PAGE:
I’m lucky enough to be in the beautiful South of France at the moment for some sun, sea and vitamin D. After many months of exams and deadlines, I am loving breaking with my routine, not setting alarms and of course all the french food.

When it came to holidays, I used to be the girl that carried an aisle worth of wholefoods supplies in my suitcase. Everything from rye bread to raw snack bars, chia seeds and acai powder. It wasn’t necessarily wrong or bad, but it definitely made for a heavier suitcase and distracted me from the opportunity of trying different more local foods.

The last 3 years however, I haven’t brought anything. Actually, that’s a white lie, I brought some coffee capsules out for my mum and have asked my darling boyfriend to bring some Pip and Nut at the weekend because I have this vision buttery croissants drizzled with coconut almond butter. But other than that, I’ve just sought to enjoy whatever offerings are available here without worrying too much about the finer details, it’s a holiday after all.

I don’t need rye bread because I’ve learnt to appreciate that freshly baked baguette is unbelievably delicious and nothing to feel guilty about. I don’t need a whole load of extra superfoods because all food is super in its own right, and even though I’m eating far less vegetables than I would at home in place of ice cream, creamy burrata and pain au chocolat, I’m actually really at peace with that.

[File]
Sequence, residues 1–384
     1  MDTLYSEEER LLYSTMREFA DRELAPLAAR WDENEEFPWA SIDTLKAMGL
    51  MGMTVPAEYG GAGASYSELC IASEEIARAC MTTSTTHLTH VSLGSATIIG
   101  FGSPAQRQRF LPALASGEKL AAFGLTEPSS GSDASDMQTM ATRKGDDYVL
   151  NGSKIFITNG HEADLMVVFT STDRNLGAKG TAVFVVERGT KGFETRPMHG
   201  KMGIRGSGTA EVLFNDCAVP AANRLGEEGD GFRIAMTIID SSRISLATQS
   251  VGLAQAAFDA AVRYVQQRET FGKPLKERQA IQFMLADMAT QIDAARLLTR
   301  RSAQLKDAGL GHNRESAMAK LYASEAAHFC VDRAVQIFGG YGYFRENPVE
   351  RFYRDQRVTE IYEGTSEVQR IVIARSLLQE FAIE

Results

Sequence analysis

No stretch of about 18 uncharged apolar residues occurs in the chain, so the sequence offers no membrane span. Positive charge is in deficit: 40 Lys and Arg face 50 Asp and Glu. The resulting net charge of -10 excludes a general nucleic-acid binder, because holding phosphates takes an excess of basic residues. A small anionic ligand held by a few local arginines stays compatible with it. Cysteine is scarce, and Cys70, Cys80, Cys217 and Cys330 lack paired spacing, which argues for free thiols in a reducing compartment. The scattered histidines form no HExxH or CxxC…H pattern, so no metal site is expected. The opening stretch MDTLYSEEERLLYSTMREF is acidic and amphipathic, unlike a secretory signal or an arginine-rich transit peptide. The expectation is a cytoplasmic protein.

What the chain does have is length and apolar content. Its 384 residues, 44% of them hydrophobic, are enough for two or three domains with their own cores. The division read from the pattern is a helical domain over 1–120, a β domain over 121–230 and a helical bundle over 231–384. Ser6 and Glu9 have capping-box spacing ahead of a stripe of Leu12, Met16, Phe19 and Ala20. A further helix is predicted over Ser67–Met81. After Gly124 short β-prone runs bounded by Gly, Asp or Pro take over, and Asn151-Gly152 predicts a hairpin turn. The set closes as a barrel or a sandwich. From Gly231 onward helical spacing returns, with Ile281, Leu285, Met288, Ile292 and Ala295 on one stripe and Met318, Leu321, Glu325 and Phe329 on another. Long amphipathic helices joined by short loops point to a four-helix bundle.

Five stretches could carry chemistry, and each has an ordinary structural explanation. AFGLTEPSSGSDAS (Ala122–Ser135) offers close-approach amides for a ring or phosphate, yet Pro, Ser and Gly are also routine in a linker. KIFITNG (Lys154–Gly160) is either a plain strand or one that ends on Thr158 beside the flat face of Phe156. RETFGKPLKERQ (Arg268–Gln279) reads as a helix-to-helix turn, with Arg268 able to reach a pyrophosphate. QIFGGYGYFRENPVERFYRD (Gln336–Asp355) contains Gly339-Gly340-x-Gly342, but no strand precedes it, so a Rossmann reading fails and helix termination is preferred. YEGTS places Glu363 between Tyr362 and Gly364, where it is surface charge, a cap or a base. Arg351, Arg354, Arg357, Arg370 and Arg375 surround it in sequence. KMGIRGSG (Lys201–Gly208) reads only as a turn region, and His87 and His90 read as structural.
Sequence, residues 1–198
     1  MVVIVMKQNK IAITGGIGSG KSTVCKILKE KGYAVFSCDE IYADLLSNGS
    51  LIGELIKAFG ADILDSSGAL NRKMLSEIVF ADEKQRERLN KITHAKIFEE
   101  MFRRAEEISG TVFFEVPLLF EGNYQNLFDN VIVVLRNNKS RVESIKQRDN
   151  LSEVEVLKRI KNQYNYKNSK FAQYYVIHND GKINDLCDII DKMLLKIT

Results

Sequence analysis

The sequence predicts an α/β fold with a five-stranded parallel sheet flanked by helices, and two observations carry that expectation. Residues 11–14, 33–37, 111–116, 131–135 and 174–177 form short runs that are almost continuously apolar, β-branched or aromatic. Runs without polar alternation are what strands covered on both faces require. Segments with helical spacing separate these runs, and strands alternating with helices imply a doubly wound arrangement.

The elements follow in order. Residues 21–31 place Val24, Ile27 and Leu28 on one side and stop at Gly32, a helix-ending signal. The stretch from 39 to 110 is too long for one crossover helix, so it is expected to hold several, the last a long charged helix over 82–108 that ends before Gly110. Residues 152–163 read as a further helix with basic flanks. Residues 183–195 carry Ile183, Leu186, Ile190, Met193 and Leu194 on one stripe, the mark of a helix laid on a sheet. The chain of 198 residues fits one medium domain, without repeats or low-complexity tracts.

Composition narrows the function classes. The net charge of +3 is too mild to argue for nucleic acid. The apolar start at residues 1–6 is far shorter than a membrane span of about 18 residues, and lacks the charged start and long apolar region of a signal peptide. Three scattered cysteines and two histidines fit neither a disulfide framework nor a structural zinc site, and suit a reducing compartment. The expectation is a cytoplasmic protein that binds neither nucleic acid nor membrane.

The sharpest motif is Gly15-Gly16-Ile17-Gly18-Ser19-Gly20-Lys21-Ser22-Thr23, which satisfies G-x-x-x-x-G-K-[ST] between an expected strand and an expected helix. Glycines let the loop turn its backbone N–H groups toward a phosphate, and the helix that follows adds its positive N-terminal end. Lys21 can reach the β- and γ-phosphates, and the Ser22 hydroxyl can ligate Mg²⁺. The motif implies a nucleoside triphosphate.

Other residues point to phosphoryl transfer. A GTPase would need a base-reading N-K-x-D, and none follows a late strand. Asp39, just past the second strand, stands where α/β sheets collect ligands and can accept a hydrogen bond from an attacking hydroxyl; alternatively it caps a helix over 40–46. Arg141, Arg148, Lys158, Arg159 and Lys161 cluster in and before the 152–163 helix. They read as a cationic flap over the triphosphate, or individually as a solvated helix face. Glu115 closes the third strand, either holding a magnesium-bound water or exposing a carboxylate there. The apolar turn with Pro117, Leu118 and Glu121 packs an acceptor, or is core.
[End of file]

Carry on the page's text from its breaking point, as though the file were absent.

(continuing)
I thought it would be useful to share some coping mechanisms on food and eating for if you’re in recovery or struggling with disordered or anxious eating. These are things to try out but I also want to stress that you are allowed to go at your own pace. If it feels safer to travel with snacks or other safe foods in the place you’re in, then please do. There’s no right or wrong but I hope these tips will make you feel more at ease towards food on holiday and able to enjoy your time away.

Remember food is more than nutrition

That’s right! Contrary to Hippocrates food is more than medicine. Saying we should only eat food for fuel or for therapeutic purposes is like saying we should only have sex to procreate! It misses the whole other side of the coin. Food is about socialising, it’s about pleasure, adventure, discovery and coming together.